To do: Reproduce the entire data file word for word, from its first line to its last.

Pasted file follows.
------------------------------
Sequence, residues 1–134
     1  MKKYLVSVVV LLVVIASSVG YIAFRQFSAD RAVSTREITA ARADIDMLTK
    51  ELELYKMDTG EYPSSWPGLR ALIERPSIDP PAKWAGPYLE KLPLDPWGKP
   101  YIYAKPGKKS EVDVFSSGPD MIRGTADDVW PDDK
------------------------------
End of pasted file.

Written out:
Sequence, residues 1–134
     1  MKKYLVSVVV LLVVIASSVG YIAFRQFSAD RAVSTREITA ARADIDMLTK
    51  ELELYKMDTG EYPSSWPGLR ALIERPSIDP PAKWAGPYLE KLPLDPWGKP
   101  YIYAKPGKKS EVDVFSSGPD MIRGTADDVW PDDK